(The Hosting News) – As many of you already know, Amazon.com was among the very first companies to create a customer-facing product from its own internal excess computing capacity. Thus at the very start of the Cloud Computing revolution you had pay-as-you-go scalable hosting services from Amazon. Fast forward to today and Amazon still holds a leadership position in Cloud Computing. While other large competitors are certain to catch up and eventually even surpass Amazon (read Microsoft, Google) the company has been a trailblazer in this new area of web hosting.
In another move to secure its leadership position, Amazon has announced that as of November 1, 2010 it will offer a very small introductory offering of its core Cloud services for free. Here is the way Amazon described the new free Cloud Computing offering on the Amazon Web Services (AWS) website, ”Beginning November 1, new AWS customers will be able to run a free Amazon EC2 Micro Instance for a year, while also leveraging a new free usage tier for Amazon S3, Amazon Elastic Block Store, Amazon Elastic Load Balancing, and AWS data transfer.”
The specific services offered for free are:
- 750 hours of Amazon EC2 Linux Micro Instance usage (613 MB of memory and 32-bit and 64-bit platform support) – enough hours to run continuously each month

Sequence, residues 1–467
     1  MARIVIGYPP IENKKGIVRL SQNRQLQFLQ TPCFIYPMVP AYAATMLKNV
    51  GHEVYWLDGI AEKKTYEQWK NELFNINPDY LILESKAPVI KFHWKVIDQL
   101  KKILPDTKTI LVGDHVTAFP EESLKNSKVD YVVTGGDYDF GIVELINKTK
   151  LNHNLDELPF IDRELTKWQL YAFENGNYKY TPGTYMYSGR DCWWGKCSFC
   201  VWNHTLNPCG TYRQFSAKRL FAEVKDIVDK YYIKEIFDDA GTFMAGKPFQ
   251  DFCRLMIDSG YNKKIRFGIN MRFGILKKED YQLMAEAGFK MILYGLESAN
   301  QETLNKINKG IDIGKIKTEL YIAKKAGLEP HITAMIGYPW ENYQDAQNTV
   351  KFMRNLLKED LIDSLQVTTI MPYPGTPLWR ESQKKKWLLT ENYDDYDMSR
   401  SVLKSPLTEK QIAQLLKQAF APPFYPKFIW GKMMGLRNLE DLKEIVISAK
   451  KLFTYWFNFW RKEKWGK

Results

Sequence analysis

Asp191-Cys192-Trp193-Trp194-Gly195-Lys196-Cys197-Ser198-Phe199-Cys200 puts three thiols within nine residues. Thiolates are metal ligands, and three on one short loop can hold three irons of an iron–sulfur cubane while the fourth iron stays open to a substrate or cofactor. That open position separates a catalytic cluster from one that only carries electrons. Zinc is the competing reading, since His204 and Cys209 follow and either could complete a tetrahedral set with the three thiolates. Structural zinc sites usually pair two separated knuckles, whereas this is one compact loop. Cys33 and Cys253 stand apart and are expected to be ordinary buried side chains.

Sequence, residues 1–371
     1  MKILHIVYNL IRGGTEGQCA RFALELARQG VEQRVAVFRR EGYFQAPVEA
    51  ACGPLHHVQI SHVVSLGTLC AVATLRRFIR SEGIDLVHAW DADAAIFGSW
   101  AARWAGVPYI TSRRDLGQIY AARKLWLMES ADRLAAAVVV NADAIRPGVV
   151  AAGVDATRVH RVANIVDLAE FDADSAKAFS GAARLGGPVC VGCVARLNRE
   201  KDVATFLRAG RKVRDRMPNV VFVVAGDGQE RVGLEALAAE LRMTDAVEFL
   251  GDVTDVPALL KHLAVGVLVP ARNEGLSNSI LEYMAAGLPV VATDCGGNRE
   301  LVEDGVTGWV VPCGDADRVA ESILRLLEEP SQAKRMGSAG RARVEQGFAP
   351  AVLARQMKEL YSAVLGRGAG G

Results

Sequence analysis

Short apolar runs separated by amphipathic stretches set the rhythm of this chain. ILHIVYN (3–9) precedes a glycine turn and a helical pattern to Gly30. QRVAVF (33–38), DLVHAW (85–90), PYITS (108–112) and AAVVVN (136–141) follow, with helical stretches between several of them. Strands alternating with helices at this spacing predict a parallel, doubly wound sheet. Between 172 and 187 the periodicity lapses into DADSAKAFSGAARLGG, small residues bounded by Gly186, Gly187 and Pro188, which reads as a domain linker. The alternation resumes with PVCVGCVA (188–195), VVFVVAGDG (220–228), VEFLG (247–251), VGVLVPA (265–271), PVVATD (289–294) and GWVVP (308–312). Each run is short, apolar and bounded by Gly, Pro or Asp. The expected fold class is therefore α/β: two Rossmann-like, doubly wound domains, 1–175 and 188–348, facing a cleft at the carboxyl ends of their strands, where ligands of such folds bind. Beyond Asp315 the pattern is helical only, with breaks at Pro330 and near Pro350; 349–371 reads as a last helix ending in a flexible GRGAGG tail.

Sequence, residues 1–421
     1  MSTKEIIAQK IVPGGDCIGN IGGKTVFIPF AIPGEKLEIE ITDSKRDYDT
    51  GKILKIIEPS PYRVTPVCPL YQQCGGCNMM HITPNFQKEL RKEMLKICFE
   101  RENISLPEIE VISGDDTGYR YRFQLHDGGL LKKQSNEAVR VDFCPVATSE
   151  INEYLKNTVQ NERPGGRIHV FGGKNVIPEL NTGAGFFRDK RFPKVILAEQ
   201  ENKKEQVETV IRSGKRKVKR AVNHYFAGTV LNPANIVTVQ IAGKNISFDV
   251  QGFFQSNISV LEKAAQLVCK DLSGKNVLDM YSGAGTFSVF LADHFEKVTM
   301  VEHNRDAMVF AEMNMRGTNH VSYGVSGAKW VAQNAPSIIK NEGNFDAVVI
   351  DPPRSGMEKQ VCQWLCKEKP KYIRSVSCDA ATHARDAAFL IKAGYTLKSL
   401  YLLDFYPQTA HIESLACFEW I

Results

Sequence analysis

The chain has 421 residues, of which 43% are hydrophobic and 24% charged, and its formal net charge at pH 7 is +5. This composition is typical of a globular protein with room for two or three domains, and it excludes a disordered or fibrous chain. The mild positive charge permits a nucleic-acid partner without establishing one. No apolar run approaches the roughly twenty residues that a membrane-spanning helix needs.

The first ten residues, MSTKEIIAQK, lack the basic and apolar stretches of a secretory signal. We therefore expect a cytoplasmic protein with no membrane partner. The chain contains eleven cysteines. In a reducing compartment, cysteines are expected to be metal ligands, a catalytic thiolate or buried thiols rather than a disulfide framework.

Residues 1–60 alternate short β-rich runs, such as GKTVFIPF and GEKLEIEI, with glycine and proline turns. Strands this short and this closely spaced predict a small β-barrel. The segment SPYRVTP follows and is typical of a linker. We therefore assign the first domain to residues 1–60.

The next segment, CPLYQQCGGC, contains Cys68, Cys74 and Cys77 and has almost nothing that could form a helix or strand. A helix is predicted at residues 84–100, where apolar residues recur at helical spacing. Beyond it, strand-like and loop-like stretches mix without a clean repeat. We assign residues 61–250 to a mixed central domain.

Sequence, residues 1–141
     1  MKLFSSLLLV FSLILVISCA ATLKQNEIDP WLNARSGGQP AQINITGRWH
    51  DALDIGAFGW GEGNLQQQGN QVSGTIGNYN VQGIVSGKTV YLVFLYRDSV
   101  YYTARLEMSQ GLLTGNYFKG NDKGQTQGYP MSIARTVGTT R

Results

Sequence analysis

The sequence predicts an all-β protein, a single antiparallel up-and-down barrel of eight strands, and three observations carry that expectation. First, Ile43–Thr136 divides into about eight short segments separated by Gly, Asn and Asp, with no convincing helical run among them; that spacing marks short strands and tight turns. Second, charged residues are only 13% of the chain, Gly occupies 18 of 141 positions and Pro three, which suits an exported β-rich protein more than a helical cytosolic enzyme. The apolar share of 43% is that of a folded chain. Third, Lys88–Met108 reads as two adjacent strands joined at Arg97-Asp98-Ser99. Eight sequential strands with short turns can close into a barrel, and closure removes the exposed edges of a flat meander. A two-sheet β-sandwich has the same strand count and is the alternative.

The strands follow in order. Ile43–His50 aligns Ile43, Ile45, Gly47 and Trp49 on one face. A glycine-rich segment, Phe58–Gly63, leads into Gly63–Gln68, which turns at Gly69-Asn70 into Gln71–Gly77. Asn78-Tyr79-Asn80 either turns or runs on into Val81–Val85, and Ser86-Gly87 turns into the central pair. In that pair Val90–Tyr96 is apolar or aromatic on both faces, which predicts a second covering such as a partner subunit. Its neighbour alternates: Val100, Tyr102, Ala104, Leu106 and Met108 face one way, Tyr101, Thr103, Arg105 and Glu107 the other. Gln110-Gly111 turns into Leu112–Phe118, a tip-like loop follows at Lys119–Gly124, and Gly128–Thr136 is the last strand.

- 750 hours of an Elastic Load Balancer plus 15 GB data processing
- 10 GB of Amazon Elastic Block Storage, plus 1 million I/Os, 1 GB of snapshot storage, 10,000 snapshot Get Requests and 1,000 snapshot Put Requests
- 5 GB of Amazon S3 storage, 20,000 Get Requests, and 2,000 Put Requests
- 30 GB per of internet data transfer (15 GB of data transfer ”in” and 15 GB of data transfer ”out” across all services except Amazon CloudFront)
- 25 Amazon SimpleDB Machine Hours and 1 GB of Storage
- 100,000 Requests of Amazon Simple Queue Service
- 100,000 Requests, 100,000 HTTP notifications and 1,000 email notifications for Amazon Simple Notification Service
While free hosting services have been around for years, and using free services or months of hosting to gain customers is widespread as evidenced by promotions currently running from dedicated web hosting company 34SP.com, HostGator and iPage. However, the Cloud Computing model hasn’t embraced this form of marketing until now. This choice in marketing AWS further differentiates Amazon products from its competitors. As noted by Forrester Research, this low barrier to adoption may be all that Amazon needs to attract a much larger potential customer base for its Cloud offerings. Forrester pointed out, ”Free is sticky. When deciding which public cloud platform you want to be hosted on, how can you argue with one that costs you nothing when traffic is low?”. Look for other Cloud Computing companies to weigh in on this marketing battle in the near future.